07 August 2023

“Bhumjaithai will follow Pheu Thai's proposal...”

Anutin Charnvirakul / Cholnan Srikaew

The leaders of Pheu Thai and Bhumjaithai held a joint press conference this afternoon, to announce that they had formed a coalition, following Pheu Thai’s withdrawal from the previous eight-party bloc led by the election winners, Move Forward. Bhumjaithai’s seventy-one MPs, added to Pheu Thai’s 141, give the new alliance only 212 seats—100 fewer than the Move Forward coalition, and less than the 251 required for a parliamentary majority. At the press conference, Bhumjaithai leader Anutin Charnvirakul pledged to support Pheu Thai’s candidate when parliament next votes to appoint the new PM: “Bhumjaithai will follow Pheu Thai’s proposal and present a candidate who can be approved by the members of parliament, as confirmed by Pheu Thai”.

The announcement was originally scheduled for 3rd August, but was postponed at the last minute following the news that the Constitutional Court was investigating parliament’s rejection of Move Forward’s second attempt to nominate Pita Limjaroenrat as prime minister. After Pita was suspended, pending another Constitutional Court investigation (into his ownership of shares in iTV), Pheu Thai failed to secure enough support for its own PM candidate, Srettha Thavisin, as senators and government MPs refused to endorse any member of the Move Forward coalition. But, a week after Pheu Thai abandoned Move Forward, only one other party (Bhumjaithai) has so far been confirmed as a coalition partner, suggesting that negotiations are not going smoothly.

The marriage of convenience between Pheu Thai and Bhumjaithai highlights how Move Forward, jilted at the altar, is one of the few principled parties in parliament. Pheu Thai and Bhumjaithai’s rivalry dates back to 2008, when the Constitutional Court dissolved the People Power Party. Newin Chidchob, who controlled an influential PPP faction, defected to Bhumjaithai and joined a coalition with the Democrats. Famously, Newin telephoned Thaksin Shinawatra, the PPP’s de facto leader, telling him: “It’s over, boss.” The remaining PPP members were reconstituted as Pheu Thai, and relegated to the opposition. Pheu Thai suffered a similar fate in 2019, when they were blocked from forming a government despite winning the most seats. Now, Move Forward is in the same position, thanks to Pheu Thai jumping ship.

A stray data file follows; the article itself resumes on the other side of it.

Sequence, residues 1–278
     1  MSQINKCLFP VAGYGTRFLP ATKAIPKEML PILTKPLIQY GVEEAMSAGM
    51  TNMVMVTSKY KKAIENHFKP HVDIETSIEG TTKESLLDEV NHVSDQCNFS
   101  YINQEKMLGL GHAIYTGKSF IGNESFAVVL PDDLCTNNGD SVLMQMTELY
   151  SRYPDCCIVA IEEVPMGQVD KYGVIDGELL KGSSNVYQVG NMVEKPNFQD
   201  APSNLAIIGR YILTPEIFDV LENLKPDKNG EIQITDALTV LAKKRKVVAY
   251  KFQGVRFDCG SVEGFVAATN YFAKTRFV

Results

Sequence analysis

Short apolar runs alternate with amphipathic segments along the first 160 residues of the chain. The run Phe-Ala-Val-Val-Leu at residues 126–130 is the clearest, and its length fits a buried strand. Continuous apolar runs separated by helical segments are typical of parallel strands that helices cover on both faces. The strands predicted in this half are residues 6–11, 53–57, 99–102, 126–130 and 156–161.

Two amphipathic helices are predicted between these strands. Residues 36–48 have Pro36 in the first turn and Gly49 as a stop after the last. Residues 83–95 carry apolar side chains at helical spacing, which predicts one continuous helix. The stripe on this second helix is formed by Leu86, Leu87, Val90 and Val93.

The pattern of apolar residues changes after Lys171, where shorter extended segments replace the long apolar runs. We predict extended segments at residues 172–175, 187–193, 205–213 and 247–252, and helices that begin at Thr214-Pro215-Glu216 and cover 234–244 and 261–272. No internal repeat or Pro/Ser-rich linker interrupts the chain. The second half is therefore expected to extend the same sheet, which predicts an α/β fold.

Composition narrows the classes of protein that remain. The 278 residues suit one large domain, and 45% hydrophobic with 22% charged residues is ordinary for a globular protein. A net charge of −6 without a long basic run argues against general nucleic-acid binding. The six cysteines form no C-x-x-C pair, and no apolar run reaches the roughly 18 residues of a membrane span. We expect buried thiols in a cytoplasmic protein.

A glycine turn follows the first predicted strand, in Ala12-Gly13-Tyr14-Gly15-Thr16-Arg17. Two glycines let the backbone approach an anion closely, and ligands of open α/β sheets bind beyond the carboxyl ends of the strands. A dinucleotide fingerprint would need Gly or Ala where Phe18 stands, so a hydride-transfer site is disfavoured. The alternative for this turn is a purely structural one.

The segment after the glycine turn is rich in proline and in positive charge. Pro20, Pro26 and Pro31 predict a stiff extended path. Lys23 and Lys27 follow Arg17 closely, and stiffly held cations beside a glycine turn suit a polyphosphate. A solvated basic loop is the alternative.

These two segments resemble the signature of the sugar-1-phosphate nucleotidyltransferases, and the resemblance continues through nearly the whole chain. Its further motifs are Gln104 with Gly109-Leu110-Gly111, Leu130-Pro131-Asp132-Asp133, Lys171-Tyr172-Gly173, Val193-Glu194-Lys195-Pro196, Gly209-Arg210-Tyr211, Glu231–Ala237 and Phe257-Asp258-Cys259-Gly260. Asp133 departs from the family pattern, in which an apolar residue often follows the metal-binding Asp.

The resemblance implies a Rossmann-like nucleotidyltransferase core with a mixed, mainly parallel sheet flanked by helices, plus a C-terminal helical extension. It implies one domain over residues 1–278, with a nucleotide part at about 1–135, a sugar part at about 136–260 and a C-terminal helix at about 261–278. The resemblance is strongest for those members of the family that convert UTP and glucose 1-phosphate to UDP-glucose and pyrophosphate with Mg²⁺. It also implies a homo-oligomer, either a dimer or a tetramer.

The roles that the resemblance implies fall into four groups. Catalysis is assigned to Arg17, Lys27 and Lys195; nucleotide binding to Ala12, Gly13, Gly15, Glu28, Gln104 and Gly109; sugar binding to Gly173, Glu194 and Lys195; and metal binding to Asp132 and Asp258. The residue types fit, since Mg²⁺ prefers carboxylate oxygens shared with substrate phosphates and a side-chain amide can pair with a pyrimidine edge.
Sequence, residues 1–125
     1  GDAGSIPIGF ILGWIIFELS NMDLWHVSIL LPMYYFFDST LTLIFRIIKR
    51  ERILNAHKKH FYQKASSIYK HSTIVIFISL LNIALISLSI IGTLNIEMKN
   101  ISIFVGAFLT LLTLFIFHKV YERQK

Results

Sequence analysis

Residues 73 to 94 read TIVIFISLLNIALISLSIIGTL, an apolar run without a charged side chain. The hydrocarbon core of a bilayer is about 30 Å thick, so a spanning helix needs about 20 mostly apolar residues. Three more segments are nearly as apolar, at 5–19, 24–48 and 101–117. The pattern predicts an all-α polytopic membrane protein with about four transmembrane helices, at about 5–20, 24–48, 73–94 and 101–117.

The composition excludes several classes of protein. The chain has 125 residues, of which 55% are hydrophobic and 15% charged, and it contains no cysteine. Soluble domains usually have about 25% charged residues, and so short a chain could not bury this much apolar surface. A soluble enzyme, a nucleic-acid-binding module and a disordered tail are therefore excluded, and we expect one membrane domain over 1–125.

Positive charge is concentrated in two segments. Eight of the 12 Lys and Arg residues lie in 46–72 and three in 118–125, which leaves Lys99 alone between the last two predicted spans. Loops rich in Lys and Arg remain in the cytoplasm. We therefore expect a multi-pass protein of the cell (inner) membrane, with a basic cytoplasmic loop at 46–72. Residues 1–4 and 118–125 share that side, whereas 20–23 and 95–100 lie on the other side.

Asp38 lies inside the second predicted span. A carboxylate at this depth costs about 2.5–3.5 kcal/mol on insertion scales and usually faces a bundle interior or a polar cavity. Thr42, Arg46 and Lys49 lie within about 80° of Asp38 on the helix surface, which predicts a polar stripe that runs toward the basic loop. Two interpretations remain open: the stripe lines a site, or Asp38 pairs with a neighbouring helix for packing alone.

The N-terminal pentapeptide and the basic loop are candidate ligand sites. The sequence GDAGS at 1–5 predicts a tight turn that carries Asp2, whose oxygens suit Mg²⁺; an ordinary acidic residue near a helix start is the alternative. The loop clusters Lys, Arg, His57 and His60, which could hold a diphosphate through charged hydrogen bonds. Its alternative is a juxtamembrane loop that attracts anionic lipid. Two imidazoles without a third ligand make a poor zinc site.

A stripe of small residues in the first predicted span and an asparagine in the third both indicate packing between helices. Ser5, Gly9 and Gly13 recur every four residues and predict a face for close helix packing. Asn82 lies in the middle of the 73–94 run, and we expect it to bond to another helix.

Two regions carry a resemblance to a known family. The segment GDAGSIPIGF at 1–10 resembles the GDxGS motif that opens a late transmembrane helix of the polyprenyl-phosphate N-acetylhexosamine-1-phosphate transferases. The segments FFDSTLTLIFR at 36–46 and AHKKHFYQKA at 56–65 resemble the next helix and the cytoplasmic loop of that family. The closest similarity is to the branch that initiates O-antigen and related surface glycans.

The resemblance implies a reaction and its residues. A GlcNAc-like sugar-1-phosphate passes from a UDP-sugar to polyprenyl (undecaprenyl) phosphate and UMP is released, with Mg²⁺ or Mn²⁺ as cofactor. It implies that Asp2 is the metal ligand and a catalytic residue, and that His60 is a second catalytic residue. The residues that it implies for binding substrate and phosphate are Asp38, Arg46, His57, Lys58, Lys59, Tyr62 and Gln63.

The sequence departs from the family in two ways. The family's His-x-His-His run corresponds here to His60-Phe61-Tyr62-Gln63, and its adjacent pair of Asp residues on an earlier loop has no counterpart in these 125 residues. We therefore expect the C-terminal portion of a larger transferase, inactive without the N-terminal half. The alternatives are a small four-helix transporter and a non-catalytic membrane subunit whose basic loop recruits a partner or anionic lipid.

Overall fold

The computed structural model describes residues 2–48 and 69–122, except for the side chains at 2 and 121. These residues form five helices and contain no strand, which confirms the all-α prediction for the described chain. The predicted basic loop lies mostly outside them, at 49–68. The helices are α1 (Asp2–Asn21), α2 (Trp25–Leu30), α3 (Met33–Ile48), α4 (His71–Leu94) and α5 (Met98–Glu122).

Pheu Thai’s motivation, beyond simply seeking power at all costs, will only become clear once all its coalition partners are revealed. Over the past week, there have been contradictory leaks to the press from anonymous Pheu Thai sources, suggesting that Palang Pracharath either will or won’t join the coalition. Thaksin Shinawatra announced that he would return from self-imposed exile on 10th August, though this plan was cancelled, presumably because he no longer felt confident of a potential royal pardon for his corruption conviction. It’s conceivable that Pheu Thai’s jettisoning of Move Forward was part of a deal with the military to facilitate Thaksin’s return, and Pheu Thai may also be expected to bring Palang Pracharath into the fold for the same reason.

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